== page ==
With the growing popularity of using online and smartphone apps like Skype, Facetime and Google Hangouts for virtual meetings, these tools could be extremely useful for busy real estate agents to connect with their clients. Of course, nothing beats a face-to-face encounter, but virtual meetings, in many eyes, is the next best thing.
Virtual meetings are not for everyone, so it is important to confirm with your clients from the start if this is a mode of communication that works for them. Many people already use Skype, Facetime and Google Hangouts with family, friends and for work, so for them it will not be as big a leap to use.
However, if you have a client who is new to virtual meetings, you may want to reconsider. If they are open to the idea, then some helpful tips or even sending them an article on how to download and use it can be helpful.
Why Virtual Meetings Can Work
When you and your client cannot seem to make an in-person meeting work, a video conference can do the job. You should use them sparingly, but it gives you and your client a chance to see each other’s facial expressions and to give “virtually” undivided attention. It also gives your clients confidence when they can have some face time as opposed to very little face time throughout the process of selling or buying a home.
For example, if you have to go over a document or listing photos, you can easily share your screens.
How to Make Your Virtual Meetings Engaging
The more vibrant nature of an in-person meeting does not have to be completely lost during a virtual meeting. It just takes some extra measures to make sure that your client is engaged.
Address each client by name to give it that extra personal touch. They’ll appreciate that you are talking to them directly and will pay more attention to what follows.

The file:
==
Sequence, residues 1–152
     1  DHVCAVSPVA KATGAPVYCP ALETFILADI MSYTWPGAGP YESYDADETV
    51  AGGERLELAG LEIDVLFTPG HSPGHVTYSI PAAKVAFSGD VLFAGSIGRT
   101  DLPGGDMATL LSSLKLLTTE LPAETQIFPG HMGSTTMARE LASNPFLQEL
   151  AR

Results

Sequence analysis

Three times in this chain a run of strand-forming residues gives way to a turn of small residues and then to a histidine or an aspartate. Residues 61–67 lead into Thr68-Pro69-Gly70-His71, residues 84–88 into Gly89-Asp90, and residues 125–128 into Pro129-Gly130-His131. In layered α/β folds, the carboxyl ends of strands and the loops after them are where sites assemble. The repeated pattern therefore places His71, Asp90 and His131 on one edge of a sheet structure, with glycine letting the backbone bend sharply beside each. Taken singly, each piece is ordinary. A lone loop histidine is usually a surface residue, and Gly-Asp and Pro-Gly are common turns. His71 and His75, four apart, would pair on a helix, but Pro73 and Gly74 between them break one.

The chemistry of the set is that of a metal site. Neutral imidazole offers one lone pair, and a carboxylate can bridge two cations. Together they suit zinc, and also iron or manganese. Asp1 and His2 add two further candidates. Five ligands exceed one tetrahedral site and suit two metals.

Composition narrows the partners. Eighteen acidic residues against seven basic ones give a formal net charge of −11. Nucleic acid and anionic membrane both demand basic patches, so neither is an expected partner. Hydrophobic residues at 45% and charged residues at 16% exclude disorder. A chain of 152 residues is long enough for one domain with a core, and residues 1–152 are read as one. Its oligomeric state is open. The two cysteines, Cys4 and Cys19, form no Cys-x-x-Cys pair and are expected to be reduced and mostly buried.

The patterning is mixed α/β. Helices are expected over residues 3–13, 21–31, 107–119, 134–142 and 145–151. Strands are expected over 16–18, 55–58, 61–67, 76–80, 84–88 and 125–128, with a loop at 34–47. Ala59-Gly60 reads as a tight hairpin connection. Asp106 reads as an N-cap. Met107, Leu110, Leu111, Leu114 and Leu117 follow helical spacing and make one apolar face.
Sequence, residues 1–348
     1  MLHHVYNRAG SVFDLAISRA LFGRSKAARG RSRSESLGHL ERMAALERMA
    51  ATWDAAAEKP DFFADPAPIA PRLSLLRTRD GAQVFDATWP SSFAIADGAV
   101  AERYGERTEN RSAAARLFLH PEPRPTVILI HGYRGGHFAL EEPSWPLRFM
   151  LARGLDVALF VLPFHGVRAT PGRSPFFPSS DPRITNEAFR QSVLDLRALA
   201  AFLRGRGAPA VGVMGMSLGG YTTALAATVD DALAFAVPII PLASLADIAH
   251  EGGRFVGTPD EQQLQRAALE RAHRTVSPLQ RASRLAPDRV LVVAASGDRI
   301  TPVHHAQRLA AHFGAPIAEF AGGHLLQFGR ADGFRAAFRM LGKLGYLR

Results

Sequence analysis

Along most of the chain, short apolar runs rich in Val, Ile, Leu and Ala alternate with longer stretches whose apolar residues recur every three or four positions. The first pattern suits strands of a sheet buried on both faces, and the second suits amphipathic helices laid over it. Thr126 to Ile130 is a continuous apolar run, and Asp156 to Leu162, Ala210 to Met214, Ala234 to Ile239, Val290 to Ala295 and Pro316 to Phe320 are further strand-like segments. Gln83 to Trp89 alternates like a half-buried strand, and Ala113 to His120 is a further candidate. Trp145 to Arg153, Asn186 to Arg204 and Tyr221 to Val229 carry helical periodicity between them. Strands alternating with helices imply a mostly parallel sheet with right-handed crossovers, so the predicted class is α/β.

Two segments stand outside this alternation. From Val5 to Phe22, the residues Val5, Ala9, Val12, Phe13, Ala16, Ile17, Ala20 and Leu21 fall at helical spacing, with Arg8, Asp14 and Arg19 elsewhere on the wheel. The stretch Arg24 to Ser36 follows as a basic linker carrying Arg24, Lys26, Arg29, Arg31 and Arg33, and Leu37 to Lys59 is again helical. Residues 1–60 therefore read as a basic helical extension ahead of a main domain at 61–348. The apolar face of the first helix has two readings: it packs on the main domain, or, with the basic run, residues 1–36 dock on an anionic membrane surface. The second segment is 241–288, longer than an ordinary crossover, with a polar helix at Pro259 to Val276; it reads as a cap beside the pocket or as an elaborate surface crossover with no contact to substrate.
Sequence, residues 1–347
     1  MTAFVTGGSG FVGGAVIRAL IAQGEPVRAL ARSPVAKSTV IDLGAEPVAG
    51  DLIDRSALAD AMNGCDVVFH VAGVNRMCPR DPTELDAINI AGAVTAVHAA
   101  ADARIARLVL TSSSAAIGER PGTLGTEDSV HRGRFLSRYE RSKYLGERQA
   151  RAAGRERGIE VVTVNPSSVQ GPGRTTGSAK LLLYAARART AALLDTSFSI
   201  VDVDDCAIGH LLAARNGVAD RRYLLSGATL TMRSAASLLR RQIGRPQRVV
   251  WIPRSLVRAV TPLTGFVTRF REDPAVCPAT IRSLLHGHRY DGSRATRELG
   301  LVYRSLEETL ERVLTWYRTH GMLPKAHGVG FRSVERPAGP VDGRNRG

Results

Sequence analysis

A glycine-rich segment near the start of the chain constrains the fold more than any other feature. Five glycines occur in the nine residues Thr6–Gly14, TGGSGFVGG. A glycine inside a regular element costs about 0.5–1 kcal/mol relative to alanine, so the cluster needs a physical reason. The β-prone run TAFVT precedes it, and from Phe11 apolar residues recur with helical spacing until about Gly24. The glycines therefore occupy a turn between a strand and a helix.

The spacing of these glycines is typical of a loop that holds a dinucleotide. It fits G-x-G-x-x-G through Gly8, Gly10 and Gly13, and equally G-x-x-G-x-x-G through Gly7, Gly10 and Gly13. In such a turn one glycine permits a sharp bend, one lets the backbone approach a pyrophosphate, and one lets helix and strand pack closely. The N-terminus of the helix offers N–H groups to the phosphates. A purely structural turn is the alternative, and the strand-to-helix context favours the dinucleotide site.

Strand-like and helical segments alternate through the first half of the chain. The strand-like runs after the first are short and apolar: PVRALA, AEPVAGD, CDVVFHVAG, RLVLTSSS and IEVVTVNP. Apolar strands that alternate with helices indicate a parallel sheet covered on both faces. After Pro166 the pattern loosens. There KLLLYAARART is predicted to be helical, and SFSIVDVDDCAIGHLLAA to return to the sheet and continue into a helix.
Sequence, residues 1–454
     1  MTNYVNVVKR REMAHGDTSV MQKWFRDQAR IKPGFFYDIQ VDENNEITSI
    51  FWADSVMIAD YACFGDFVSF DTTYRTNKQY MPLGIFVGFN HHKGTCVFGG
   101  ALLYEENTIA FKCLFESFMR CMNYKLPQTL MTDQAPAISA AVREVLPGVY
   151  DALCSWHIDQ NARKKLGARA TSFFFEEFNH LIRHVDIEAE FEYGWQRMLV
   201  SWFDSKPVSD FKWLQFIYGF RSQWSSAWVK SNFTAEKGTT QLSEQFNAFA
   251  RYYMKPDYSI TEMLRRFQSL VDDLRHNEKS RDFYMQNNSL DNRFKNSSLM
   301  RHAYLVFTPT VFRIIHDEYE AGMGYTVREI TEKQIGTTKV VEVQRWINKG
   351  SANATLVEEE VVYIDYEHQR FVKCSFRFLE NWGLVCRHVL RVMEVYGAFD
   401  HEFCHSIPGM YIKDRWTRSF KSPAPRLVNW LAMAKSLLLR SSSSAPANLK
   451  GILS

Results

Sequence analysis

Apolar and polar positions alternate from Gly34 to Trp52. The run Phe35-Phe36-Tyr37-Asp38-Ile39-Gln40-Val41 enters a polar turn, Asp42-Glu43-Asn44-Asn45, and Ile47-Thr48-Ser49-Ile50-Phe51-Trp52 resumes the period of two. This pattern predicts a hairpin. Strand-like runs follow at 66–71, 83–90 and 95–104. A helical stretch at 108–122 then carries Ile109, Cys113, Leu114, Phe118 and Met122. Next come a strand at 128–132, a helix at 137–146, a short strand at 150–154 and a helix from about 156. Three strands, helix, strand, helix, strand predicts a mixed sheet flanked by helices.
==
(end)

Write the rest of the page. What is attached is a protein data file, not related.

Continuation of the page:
It can tend to feel as if one person is presenting while the others listen. Be sure to pause where you can to ask questions, treating the meeting like an actual conversation.
It’s a good idea to have an agenda that you can follow for the meeting to guide your conversation. You don’t have to share this with your client, but it can help you keep the conversation moving. This is a great way to include spots within your agenda or notes to know when to pause for questions for either party.
What to Do with Technical Difficulties
When you set your virtual meeting date and time, be sure to be at least 10 or 15 minutes early. This ensures that you take care of any technical difficulties and have all of the screens you would like to share open.
Be prepared for a Plan B should technology go amiss. Have the documents or photos you were going to go over ready to email or email them in advance so that you can easily switch to a phone call.
Save Your Virtual Meetings for Your Records
Saving your meeting is a great way to have a record so you can refer back to the conversation. Be sure you let your client know that you are recording and that you will send them a copy.
Google Hangout has an easy way to record virtual meetings. Social media expert Kim Garst gives great instructions on how to do this.
Skype does not have this feature, however, a number of free tools can help you record your calls.
For Facetime, you can use Call Recorder for Facetime on your Mac or iPhone.